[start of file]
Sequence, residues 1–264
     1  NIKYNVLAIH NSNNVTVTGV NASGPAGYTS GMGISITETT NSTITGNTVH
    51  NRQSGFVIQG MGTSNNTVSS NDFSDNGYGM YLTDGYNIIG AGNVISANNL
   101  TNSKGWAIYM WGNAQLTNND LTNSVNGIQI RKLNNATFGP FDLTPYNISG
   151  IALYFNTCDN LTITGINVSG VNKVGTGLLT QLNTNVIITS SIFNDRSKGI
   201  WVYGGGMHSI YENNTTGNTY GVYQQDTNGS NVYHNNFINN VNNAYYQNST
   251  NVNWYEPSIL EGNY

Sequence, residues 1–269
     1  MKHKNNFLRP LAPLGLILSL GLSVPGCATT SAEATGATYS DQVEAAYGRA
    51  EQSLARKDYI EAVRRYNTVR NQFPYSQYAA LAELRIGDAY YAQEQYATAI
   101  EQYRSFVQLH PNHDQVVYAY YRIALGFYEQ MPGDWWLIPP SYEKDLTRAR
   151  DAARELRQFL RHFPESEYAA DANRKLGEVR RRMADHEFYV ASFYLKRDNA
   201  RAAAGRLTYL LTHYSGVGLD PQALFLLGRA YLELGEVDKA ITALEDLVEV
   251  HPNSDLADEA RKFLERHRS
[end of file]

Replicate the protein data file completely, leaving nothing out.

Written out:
Sequence, residues 1–264
     1  NIKYNVLAIH NSNNVTVTGV NASGPAGYTS GMGISITETT NSTITGNTVH
    51  NRQSGFVIQG MGTSNNTVSS NDFSDNGYGM YLTDGYNIIG AGNVISANNL
   101  TNSKGWAIYM WGNAQLTNND LTNSVNGIQI RKLNNATFGP FDLTPYNISG
   151  IALYFNTCDN LTITGINVSG VNKVGTGLLT QLNTNVIITS SIFNDRSKGI
   201  WVYGGGMHSI YENNTTGNTY GVYQQDTNGS NVYHNNFINN VNNAYYQNST
   251  NVNWYEPSIL EGNY

Sequence, residues 1–269
     1  MKHKNNFLRP LAPLGLILSL GLSVPGCATT SAEATGATYS DQVEAAYGRA
    51  EQSLARKDYI EAVRRYNTVR NQFPYSQYAA LAELRIGDAY YAQEQYATAI
   101  EQYRSFVQLH PNHDQVVYAY YRIALGFYEQ MPGDWWLIPP SYEKDLTRAR
   151  DAARELRQFL RHFPESEYAA DANRKLGEVR RRMADHEFYV ASFYLKRDNA
   201  RAAAGRLTYL LTHYSGVGLD PQALFLLGRA YLELGEVDKA ITALEDLVEV
   251  HPNSDLADEA RKFLERHRS